Saturday, 31 January 2015

Weeping and wailing over Greek austerity.

I’m getting tired of people who weep and wail about austerity in Greece – unless the weepers and wailers have some nice simple solution to the problem, in which case I’m all ears.

The popular chant “austerity doesn’t work” is fatuous. That chant doesn’t begin to solve the basic problem.

For the benefit of the uninitiated, the basic problem is as follows, and it’s quite simple. If you just stop weeping and wailing for a minute, it’s easy enough to grasp.

If a country in a common currency area becomes uncompetitive, it’s external balance of trade deteriorates and it runs into debt. For a country with its own currency, that problem is solved by devaluing its currency. E.g. the UK’s currency fell 25% in value in 2008, and no one I know personally even noticed.

In contrast, for a country WITHOUT its own currency the only real option is to cut wages and profits in money terms. That’s called “internal devaluation” and it comes to the same thing as the above “regular” devaluation. And just like regular devaluation, there isn't a big effect on living standards in the relevant country in that the above mentioned wages and profits are themselves a big constituent in the cost of goods and services consumed in the relevant country.

Unfortunately the only really effective way of cutting those wages and profits is to cut aggregate demand in the relevant country: i.e. have a period of deficient demand, and that means excess unemployment – possibly lasting for many years.

And that is a HUGE DEFECT in common currencies. That’s the basic problem.

Moreover, there is no absolute guarantee that regular devaluation or internal devaluation will work. If the elasticity of supply and demand for a country’s exports and imports are sufficiently low, neither form of devaluation will work. Indeed Wynne Godley claimed that that was the case for the UK about twenty years ago. And if neither form of devaluation works, the only remaining solution is mass emigration from the relevant country, and that to a significant extent has been the solution for Greece for many decades. And if emigration goes on for long enough, obviously the country just becomes an area that specialises in “extensive agriculture”: that is (like agriculturally unproductive areas of Australia) where large amounts of land are used in combination with few other in puts like labour or machinery or fertiliser.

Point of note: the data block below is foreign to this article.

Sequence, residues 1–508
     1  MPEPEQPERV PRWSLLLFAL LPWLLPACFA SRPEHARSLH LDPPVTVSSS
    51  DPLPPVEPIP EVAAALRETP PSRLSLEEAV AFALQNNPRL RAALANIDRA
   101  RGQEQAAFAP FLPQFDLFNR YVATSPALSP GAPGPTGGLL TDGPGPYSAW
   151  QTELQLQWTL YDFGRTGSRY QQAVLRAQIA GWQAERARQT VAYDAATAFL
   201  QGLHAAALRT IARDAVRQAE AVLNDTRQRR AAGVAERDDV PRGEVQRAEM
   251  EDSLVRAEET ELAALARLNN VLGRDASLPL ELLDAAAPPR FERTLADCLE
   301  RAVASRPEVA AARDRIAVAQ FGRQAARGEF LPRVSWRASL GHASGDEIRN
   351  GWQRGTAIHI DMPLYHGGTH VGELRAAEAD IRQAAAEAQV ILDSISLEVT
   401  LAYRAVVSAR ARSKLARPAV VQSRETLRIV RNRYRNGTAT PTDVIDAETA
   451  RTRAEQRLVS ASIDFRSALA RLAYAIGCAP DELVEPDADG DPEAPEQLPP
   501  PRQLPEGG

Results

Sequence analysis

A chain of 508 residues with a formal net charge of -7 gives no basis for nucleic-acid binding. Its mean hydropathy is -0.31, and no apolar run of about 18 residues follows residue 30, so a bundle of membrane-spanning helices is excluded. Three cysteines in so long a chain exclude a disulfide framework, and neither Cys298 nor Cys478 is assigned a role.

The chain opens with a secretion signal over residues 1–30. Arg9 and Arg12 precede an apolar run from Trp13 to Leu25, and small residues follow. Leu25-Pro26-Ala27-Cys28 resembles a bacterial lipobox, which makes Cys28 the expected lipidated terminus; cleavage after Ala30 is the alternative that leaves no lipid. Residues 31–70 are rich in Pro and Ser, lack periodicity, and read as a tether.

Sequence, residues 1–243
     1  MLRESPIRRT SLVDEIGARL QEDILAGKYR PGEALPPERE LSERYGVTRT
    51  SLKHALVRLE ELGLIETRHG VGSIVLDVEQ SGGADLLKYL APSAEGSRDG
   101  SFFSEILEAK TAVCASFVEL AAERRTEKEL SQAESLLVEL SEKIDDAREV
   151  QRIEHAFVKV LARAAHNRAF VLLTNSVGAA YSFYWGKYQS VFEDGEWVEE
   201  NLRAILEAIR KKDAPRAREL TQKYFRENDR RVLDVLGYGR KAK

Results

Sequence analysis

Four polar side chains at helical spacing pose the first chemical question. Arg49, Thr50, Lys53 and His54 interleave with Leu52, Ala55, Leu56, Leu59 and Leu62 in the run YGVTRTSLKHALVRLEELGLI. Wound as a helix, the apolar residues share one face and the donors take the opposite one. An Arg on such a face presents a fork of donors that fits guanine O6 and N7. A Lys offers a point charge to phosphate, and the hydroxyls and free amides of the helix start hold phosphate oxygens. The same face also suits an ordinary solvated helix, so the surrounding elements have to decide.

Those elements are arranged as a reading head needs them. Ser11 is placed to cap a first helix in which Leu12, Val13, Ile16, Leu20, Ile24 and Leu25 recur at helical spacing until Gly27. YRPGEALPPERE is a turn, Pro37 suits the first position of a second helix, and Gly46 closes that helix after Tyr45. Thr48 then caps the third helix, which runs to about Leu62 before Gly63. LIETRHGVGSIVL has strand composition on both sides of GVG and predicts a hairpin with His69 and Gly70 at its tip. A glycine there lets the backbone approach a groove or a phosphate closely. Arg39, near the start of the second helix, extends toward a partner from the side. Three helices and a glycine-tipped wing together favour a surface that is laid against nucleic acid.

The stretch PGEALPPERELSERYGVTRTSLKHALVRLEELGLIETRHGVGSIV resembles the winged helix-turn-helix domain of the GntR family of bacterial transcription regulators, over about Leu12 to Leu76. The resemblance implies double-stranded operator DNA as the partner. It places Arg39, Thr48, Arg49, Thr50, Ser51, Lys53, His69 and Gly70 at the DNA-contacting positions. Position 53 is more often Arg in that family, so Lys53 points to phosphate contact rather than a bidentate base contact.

Debt jubilees.

A popular alleged solution for Greece is debt forgiveness or a debt jubilee. Unfortunately that simply kicks the can down the road. It completely fails to deal with the above competitiveness problem.


Other solutions.

In contrast to the above fatuous non-solutions, one possibly realistic solution recently suggested by Simon Wren-Lewis (Oxford professor of economics) is to organise a MODERATE increase in unemployment in uncompetitive countries, rather than the sort of catastrophic levels of unemployment we currently see in Greece. As Wren-Lewis points out, it is possible that the fall in wages, profits and prices in the problem country would be almost as fast as where the unemployment level is in the “catastrophic” range.

But the disadvantage there is that an increase in demand is involved which means the country draws in more imports which means it goes further into debt .


My proposed solution.
Another solution which I suggested long ago is as follows.

As pointed out above, regular devaluation can take place overnight, whereas internal devaluation involves years of pain. However, IN THEORY it would be possible to organise a more or less overnight internal devaluation. One would have to get almost everyone in the relevant country (wage earners, entrepreneurs, pensioners, etc) to agree the same percentage cut in pay.

In a country with a high degree of social cohesion, a country where everyone trusted everyone else, a country where everyone behaved responsibly, that would work. But unfortunately that’s not Greece. Greece is more in the nature of a country where everyone tries to cheat everyone else. E.g. the scale of tax avoidance by the elite as well as by doctors, lawyers and taxi drives exceeds by a big margin the tax avoidance that takes place in other countries.

Friday, 30 January 2015

Bank so called liquidity.

The Basel regulators are trying to raise the amount of liquid assets that banks hold, and one of the assets that is allegedly liquid for these purposes are mortgage backed securities (MBSs). See 2nd last para here. Are you laughing yet?

If not, remember it was those MBSs that played a big role in sparking off the crisis. This Basel “solution” to bank problems is a bit like trying to cure a alcoholic by giving him crates of whiskey.

Of course there will be worthy sounding rules and hoops that MBSs will have to jump through before they qualify for the above role. But then the dodgy MBSs that sparked off the crises were deemed OK by credit rating agencies.

I might be wrong, but this sounds like just one more of the impressively complex new rules that banks have to obey which boil down to nothing.

Thursday, 29 January 2015

OMG. Mark Carney advocates fiscal union for the EZ.

Mark Carney (governor of the Bank of England) advocated fiscal union for the Eurozone (EZ) in this recent speech. As he put  it, “Europe’s leaders do not currently foresee fiscal union as part of monetary union. Such timidity has costs.”